Learning Team-Problem Formulation And Identification – Research Paper Example
The paper "Learning Team-Problem Formulation And Identification" is an exceptional example of a research paper on education.
Collective-Participative is the decision-making process whereby all the stakeholders and the members of a particular organization are involved. Information is usually shared amongst every member who is concerned. However, in many occasions, it is only the leader who can make the final decision regarding the matter at hand. In other words, the leader seeks the participation of others in order to learn new ideas and opinions (Luthans 2004 p 89). The weakness arises through the influence of subjective opinion. The leader may engage other people in a discussion, but since he is the only one who can make a final decision, he tends to satisfy his feelings regarding matters that every one else decides on the contrary. There is a likelihood of totalitarianism in such kind of decision making.
Brainstorming is a common method of decision making in organizations whereby members participate through contributing new ideas to particular issues affecting the organization. People may generate ideas in groups as well as individuals. This is a method that is known to lead to the development of solutions regarding important matters. However, the disadvantage is the fact that people have different ideas. It may take longer to reach a decision when many people participate in decision making (Luthans 2004 p 93). Moreover, decisions are made later on after considering all the contributions; hence it may take longer to make a decision.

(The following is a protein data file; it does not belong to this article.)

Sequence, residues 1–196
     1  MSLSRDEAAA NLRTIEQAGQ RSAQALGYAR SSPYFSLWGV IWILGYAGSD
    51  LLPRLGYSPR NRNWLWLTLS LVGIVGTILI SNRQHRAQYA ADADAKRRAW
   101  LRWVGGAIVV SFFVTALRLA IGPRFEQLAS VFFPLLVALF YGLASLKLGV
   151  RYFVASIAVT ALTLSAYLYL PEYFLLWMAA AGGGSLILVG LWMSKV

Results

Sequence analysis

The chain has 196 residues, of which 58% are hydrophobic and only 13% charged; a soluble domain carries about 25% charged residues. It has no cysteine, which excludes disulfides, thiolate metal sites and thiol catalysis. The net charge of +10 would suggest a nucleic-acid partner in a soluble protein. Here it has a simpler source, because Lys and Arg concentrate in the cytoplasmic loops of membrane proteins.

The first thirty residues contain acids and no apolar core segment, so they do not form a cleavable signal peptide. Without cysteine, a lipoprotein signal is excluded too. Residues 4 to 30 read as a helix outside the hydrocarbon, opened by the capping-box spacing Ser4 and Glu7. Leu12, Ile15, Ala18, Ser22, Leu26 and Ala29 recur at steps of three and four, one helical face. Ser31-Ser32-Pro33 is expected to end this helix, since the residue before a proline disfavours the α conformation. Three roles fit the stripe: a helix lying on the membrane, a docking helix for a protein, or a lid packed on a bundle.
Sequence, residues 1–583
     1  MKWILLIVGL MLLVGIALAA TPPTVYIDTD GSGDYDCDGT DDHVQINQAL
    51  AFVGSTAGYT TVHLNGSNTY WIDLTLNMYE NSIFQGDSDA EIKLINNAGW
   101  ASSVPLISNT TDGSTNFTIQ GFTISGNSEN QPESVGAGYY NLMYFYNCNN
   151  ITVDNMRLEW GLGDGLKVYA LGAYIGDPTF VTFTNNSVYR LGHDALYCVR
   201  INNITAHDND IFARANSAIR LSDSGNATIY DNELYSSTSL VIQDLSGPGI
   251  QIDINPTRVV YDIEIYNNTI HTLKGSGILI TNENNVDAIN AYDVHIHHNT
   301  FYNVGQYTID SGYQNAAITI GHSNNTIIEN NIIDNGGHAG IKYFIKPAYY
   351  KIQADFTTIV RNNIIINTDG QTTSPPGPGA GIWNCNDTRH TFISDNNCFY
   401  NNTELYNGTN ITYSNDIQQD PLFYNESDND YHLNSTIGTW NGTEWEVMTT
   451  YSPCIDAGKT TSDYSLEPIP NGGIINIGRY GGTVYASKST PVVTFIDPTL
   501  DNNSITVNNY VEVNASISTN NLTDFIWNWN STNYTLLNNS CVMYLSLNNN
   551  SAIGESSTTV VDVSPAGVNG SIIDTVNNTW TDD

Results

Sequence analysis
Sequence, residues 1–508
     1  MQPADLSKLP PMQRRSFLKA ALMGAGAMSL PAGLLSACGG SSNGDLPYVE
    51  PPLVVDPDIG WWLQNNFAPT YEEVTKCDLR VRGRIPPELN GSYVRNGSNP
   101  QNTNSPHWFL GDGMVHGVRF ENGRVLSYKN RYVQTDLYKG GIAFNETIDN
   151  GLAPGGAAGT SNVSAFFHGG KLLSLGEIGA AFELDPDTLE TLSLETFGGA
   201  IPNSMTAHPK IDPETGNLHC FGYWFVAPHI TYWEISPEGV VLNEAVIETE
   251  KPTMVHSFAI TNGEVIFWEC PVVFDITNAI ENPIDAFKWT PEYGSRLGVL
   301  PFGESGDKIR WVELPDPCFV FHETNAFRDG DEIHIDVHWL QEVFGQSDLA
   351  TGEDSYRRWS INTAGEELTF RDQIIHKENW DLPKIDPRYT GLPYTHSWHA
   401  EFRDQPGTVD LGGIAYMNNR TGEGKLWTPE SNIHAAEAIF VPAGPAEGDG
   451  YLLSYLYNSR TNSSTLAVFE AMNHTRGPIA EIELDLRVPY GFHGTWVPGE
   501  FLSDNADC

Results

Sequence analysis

Step Ladder is almost similar to collective-participative, but members join a group in turns. After a discussion between two or more people, another member joins to introduce his or her ideologies. After this, another one may join later. However, decision making requires people who understand the situation and people who have known all the processes involved. The entry of new members with new ideas causes confusion when members agree on an issue, which is later refuted due to disagreements arising from new ideas that come from new members. The decision-making process may take longer to be accomplished (Hinsz and Nickell 2004 p 256).